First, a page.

Austin City Council v. Climate Change

City Hall backs resilience, electric vehicles

One of Austin Energy's 200-plus EV charging stations, on "Electric Drive" at Seaholm (Courtesy of Austin Energy)

In 2015, City Council set down the ambitious path of achieving carbon neutrality by 2050 – a goal that will require a multitude of policy efforts, including a more environmentally conscious land use policy (e.g., the Land Development Code rewrite) and a citywide transportation plan that prioritizes transit and walking/biking over driving a car (e.g., the Austin Strategic Mobility Plan). Last week, on May 9, Council approved two resolutions aimed at boosting the city's chances of achieving carbon neutrality on time, and preparing for the climate reality we're already living in.

Together, the two resolutions direct City Manager Spencer Cronk to work with city agencies to update the Austin Community Climate Plan with a focus on resilience and to study actions the city can take to grow its support for electric vehicles. One of the resolutions also endorses the Green New Deal – a feel-good, philosophical action that doesn't directly create policy. Both were approved unanimously.

One of the resolutions, authored by Dis­trict 7 Council Member Leslie Pool, directs Cronk to work with the Office of Sustainability to analyze potential climate resilience strategies and return to Council with recommendations no later than Aug. 22 for how the city can develop a plan that is "fair, just, and equitable," per the resolution language. The final plan would serve as an update to the climate resilience plan produced by OoS last April, which focused on how to protect city assets from extreme weather events (flooding, severe heat, wildfires, etc.).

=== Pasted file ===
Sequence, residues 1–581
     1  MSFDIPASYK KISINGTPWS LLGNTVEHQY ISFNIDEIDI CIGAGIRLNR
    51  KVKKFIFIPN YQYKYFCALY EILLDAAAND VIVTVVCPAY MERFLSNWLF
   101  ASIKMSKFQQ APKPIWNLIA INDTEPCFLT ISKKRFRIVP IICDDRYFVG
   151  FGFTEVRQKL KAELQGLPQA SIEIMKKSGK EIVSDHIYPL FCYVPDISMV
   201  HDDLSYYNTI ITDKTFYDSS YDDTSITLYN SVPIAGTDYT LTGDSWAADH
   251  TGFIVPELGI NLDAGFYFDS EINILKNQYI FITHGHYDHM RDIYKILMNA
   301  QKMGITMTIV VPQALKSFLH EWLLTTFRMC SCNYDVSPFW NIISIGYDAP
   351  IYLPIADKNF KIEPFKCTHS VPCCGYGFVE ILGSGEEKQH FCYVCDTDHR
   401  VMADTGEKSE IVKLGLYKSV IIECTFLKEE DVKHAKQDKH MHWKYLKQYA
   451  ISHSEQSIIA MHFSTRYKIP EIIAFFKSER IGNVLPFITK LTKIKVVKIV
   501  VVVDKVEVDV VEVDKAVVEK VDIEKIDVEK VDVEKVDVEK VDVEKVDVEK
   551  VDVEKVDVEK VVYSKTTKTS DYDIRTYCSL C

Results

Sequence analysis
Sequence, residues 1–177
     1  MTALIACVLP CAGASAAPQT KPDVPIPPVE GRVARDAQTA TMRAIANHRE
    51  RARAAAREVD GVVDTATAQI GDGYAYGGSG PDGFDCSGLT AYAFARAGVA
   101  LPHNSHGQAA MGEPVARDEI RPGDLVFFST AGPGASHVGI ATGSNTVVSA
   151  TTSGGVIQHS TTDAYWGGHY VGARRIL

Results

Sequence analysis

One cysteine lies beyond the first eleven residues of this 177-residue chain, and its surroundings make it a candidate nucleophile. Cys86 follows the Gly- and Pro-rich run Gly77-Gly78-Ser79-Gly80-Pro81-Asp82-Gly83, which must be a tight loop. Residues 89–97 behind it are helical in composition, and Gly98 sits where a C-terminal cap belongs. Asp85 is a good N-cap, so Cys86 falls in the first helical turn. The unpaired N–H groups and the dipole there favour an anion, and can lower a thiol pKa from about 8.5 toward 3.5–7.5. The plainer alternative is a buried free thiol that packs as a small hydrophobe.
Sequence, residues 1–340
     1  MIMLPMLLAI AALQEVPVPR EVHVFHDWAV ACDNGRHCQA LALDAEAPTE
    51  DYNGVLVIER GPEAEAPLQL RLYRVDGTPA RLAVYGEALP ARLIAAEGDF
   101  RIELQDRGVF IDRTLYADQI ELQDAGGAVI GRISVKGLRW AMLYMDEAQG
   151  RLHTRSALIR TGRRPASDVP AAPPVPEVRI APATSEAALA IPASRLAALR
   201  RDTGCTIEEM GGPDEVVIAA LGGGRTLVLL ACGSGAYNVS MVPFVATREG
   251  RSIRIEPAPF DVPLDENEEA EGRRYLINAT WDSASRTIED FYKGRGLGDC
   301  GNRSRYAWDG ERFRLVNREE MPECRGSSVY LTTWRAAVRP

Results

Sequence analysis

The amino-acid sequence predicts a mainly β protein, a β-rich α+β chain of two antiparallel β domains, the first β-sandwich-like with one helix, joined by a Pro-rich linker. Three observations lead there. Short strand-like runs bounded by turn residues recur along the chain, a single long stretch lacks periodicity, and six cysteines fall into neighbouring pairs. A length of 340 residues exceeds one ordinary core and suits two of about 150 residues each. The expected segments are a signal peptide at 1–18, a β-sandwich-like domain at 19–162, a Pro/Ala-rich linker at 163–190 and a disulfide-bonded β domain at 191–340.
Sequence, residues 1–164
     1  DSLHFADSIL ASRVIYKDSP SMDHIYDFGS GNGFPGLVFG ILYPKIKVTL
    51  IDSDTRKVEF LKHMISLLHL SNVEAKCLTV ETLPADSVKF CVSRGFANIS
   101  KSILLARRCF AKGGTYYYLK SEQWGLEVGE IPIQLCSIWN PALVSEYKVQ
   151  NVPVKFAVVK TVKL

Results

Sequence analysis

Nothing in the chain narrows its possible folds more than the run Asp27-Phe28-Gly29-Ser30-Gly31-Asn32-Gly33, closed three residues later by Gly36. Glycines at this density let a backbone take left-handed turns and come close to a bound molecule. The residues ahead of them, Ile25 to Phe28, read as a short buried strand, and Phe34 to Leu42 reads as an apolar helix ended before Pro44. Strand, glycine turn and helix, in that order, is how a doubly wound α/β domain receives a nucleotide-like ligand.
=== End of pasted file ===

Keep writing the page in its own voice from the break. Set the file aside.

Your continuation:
Resilience planning is emerging globally as a policymaking trend for cities. Zach Baumer, climate program manager with OoS, said there isn't a "crystal clear" definition of what a resilience plan should do; he is reviewing work done by other cities to develop recommendations that best suit Austin and the surrounding region. The plan could include strategies to mitigate the risk of flash flooding, or to better control wildfires, as well as recommendations for how community centers can help neighborhoods in the event of storms through providing energy on-site or simply a safe place to shelter. "The new resolution gets at the broader picture of what businesses and neighborhoods will do," Baumer explained. "It'll be more about helping residents, neighborhoods, and actual people."

Pool hopes the creation of a resilience plan would force a "culture shift" in the city broadly, resulting in more proactive responses to the effects of extreme weather. That work could be guided by a new city executive, a chief resilience officer; a similar role has been created in Houston. OoS will study the potential cost and present scenarios to Council on how it could be funded and what it could be expected to accomplish.

Currently, 7,445 plug-in EVs are registered in Austin, compared to over 800,000 gas vehicles, so there is plenty of ground to make up.

Last week's other climate resolution, authored by D10 CM Alison Alter, focused on a different way to address climate change: the electrification of transportation. Austin Energy currently has several efforts underway intended to grow the usage of personal electric vehicles throughout the city, but Alter's resolution tasks the utility with exploring "adoption trends" that could make EV technology a key tool for reaching carbon neutrality. Currently, 7,445 plug-in EVs are registered in Austin, compared to over 800,000 gas vehicles, so there is plenty of ground to make up.